Sometimes the introductions are accidental, sometimes deliberate. Occasionally, a species is brought in to destroy a pest but becomes a pest itself. Some aliens eat the native residents, others bring nasty diseases with them. A few - notably the ruddy duck - are just too sexually vigorous. But what they all have in common is that they do not fit in to stable ecosystems, evolved for hundreds of thousands of years without them.
``The rate of invasion is directly correlated with the movement of people around the planet,'' Professor Gosling said. As people move from one place to another, then so do other living things that hitch a ride. Between 1985 and 1996, American customs officials intercepted about 5,600 different species of insect pests on freight destined to be imported into the US. Ships also carry large numbers of aliens from one part of the world to another. ``Ships take on water as ballast, go to another part of the world and just expel it,'' Professor Gosling said.
Ballast water contains eggs and microscopic organisms. One of the earliest examples of this ship-borne invasion stems back to the 1860s when ships coming from American waters expelled their ballast water into the Mediterranean and unwittingly introduced a deadly fungus which has decimated the native crayfish population.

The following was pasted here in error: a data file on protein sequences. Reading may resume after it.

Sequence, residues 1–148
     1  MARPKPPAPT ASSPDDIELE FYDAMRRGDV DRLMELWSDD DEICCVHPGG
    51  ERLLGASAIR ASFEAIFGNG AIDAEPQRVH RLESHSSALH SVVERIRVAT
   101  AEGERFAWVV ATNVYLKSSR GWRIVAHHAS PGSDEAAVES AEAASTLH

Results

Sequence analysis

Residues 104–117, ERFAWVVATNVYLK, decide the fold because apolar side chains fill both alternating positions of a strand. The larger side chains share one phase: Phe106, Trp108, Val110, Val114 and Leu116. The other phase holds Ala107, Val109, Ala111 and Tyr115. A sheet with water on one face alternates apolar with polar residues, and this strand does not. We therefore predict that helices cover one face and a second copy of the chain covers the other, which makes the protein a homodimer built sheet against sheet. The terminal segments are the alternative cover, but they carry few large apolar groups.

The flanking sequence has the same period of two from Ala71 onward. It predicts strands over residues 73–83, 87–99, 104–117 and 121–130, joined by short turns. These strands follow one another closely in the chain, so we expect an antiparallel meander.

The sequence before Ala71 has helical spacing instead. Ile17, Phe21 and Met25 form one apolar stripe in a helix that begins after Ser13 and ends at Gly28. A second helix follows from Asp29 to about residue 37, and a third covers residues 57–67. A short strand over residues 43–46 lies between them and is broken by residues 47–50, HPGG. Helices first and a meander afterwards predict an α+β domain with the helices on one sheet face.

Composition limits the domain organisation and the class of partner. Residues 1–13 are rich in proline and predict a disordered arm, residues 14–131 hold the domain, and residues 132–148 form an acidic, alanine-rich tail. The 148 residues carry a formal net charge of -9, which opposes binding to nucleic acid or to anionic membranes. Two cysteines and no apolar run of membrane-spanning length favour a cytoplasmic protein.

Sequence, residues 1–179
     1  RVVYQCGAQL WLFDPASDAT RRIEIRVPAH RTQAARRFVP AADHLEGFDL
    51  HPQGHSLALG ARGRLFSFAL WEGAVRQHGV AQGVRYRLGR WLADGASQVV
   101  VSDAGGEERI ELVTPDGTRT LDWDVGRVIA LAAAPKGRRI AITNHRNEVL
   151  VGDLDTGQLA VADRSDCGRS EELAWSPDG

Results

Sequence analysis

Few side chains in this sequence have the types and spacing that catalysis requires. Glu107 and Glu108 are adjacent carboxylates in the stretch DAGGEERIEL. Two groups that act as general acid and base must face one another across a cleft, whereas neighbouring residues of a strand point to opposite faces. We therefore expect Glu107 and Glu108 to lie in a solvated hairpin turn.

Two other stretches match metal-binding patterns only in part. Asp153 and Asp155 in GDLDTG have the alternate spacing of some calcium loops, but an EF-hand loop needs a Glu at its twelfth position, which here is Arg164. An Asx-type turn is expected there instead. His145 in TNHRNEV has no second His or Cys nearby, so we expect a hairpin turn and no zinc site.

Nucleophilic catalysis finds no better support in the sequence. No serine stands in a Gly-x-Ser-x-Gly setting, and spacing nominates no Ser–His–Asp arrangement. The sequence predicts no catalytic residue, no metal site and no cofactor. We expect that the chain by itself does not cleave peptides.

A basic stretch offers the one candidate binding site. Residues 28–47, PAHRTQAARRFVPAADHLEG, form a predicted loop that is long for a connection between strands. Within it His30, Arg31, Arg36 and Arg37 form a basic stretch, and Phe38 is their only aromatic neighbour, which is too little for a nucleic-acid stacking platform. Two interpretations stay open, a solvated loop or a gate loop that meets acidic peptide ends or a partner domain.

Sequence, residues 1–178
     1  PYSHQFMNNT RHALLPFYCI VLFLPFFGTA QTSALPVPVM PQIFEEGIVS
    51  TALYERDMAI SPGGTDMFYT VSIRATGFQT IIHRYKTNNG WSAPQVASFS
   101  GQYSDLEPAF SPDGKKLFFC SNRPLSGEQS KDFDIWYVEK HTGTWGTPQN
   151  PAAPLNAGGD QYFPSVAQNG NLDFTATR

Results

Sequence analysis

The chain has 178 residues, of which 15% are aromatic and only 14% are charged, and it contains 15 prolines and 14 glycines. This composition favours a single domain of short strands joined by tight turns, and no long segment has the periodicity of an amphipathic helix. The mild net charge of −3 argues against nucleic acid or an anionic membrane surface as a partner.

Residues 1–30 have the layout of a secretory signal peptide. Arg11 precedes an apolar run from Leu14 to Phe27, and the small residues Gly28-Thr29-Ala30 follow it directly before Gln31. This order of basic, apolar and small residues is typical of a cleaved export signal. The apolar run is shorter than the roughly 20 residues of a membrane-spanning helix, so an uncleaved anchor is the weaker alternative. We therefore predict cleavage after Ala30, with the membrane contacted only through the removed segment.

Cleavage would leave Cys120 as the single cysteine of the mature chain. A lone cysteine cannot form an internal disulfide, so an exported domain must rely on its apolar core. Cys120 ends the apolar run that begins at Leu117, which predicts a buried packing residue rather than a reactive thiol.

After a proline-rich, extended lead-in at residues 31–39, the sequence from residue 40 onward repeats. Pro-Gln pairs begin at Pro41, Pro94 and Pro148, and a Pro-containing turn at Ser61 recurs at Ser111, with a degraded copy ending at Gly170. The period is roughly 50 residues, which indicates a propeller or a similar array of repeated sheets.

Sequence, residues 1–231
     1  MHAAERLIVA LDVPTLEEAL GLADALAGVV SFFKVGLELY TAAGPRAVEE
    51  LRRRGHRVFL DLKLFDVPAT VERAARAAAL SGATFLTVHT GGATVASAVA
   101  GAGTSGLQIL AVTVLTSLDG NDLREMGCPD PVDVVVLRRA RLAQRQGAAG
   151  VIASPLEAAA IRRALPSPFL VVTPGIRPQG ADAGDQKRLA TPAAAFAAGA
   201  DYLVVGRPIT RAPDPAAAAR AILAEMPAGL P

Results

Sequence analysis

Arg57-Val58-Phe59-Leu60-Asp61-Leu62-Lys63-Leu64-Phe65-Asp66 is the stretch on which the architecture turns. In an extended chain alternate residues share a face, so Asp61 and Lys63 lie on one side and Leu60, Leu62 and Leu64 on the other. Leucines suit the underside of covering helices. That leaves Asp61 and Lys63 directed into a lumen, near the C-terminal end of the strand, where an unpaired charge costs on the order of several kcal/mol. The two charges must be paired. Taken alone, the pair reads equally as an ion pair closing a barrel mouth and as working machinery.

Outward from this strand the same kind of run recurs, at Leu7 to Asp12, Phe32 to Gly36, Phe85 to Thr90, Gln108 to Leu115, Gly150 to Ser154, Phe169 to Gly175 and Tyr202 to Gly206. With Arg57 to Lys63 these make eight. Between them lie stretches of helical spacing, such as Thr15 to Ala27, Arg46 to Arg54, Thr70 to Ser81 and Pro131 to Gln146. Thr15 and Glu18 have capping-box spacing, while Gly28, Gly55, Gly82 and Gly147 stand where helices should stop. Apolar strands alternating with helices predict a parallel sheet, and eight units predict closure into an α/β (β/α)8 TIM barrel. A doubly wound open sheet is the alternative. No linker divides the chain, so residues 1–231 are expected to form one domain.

To make matters worse, the American signal crayfish (which was immune to the fungus) was introduced to replace its European cousin. In the 1970s, with government blessing, fish farmers in Britain were encouraged to cultivate the American crayfish, but it soon became a rampaging menace. ``It not only kills the native crayfish. It also destroys the freshwater environment because it eats anything else it comes into contact with. It also burrows into river banks and destroys them in the process,'' said David Holditch of Nottingham University.